Scientists from around the world are landing in Sydney this week to join discussions on the latest research in silicon quantum computing with renowned physicist and Australian of the Year, Professor Michelle Simmons, and UNSW Sydney researchers from the Centre of Excellence for Quantum Computation and Communication Technology (CQC2T), including Professor Andrew Dzurak, Professor Sven Rogge and Professor Andrea Morello.

Bringing together more than 200 leading researchers in the field, the Silicon Quantum Electronics Workshop is a global initiative to share research insights and technology advancements in the race to build the world’s first quantum computer – in silicon.

This is the third time Sydney has been the host city of this international get-together, which is now in its twelfth year.

The 2018 workshop will be officially opened by the recently appointed NSW Chief Scientist & Engineer, Professor Hugh Durrant-Whyte

NSW is heavily involved in quantum computing development, commercialisation and training, and is a shareholder in Australia’s first quantum computing hardware company, Silicon Quantum Computing Pty Ltd (SQC).

“It is exciting to see NSW host an international forum that supports collaboration and research advancement in this groundbreaking field of science,” says Professor Hugh Durrant-Whyte.

“It is a great opportunity to shine the light on world-leading Australian research and innovation in this space.”

Investing in silicon quantum computing

Five major approaches to quantum computing are being explored worldwide. The international researchers attending the workshop – from countries including Japan, USA and Netherlands – together with the Australian researchers, are focused on silicon emerging as the winner.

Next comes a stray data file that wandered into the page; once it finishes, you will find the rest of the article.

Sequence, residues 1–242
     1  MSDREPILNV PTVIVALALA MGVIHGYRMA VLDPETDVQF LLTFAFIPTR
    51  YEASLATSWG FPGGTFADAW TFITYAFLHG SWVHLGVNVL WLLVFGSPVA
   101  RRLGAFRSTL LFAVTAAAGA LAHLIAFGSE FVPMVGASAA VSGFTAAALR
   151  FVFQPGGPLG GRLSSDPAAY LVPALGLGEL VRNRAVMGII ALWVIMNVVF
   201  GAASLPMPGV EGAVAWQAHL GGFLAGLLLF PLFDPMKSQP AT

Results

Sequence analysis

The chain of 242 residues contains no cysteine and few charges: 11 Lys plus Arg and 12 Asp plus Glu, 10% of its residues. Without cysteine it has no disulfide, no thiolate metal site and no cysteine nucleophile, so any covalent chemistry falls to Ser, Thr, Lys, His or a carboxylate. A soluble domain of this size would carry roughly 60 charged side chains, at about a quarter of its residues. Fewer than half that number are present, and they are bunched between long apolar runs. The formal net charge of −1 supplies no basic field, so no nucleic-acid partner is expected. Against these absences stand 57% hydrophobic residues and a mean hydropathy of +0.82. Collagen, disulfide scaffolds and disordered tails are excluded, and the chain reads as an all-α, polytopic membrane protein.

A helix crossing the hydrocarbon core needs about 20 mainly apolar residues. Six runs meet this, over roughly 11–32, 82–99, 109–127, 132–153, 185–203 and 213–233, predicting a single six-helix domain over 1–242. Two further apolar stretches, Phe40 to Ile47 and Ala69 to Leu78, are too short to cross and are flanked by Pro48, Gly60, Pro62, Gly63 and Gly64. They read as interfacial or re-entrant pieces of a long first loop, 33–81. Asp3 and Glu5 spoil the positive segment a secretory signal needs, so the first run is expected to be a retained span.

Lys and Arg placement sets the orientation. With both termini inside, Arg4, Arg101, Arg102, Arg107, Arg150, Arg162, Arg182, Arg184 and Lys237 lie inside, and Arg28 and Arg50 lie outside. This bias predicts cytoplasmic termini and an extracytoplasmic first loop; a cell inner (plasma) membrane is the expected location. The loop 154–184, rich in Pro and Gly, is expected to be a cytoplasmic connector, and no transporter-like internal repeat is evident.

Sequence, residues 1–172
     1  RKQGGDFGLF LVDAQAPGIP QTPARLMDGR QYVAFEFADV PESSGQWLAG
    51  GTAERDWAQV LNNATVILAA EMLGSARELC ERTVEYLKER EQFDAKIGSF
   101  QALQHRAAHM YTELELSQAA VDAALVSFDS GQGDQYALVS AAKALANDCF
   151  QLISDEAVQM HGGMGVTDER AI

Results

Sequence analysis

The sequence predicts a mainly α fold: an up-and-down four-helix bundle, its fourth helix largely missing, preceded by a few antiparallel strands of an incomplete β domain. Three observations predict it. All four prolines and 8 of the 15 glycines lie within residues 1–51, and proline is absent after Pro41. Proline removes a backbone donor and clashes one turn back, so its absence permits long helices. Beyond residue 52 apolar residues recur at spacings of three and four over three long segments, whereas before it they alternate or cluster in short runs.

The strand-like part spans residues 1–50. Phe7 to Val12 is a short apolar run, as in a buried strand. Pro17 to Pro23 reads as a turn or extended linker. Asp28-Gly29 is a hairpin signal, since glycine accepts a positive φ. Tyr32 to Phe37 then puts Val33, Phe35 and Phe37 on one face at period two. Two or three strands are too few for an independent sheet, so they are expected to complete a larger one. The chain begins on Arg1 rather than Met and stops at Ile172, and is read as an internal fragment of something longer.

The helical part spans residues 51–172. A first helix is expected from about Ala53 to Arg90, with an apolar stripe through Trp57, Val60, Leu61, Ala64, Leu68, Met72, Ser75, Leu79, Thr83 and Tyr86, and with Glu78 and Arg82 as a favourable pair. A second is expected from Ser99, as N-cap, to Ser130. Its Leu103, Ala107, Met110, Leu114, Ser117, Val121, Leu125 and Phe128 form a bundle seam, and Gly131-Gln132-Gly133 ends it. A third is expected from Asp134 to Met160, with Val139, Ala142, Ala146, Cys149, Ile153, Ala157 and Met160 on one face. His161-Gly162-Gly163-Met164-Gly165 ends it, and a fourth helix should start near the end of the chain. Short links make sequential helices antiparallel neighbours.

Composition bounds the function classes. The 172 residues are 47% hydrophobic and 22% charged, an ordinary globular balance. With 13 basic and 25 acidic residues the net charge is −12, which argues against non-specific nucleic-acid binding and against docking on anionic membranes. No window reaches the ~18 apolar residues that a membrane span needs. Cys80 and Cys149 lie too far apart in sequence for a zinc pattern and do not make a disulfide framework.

“Silicon is among the most stable and manufacturable environments in which to host qubits, and it has a long history of use in the conventional computer industry,” says Professor Simmons, Founder of SQC.

“This provides an advantage in the development of full-scale quantum computers in silicon.”

CQC2T is a world leader in the development of quantum computing in silicon with research to date demonstrating the highest fidelity, longest coherence time qubits and the longest-lived quantum memory in the solid-state.

The team will be presenting its latest results on fast single spin readout, two-qubit gates and chip integration, advancing towards their goal of building a silicon-based quantum computer in Australia.

Professor Simmons, along with others attending and speaking at the event, is working with SQC to build the first useful, commercial quantum computer. Co-located with CQC2T on the campus of UNSW Sydney, SQC has raised $83 million and is investing to deliver a prototype 10-qubit device in silicon by 2022.

Sydney is becoming a renown global hotspot for quantum computing conferences. In addition to two international conferences this year at UTS, the Silicon Quantum Electronics Workshop adds another international event to the increasing high-profile list of quantum conferences.

“Sydney is one of the leading destinations for quantum computing research in silicon,” says Professor Simmons.

“It is not surprising that many of the world’s most talented quantum physicists and engineers will be coming here this week.”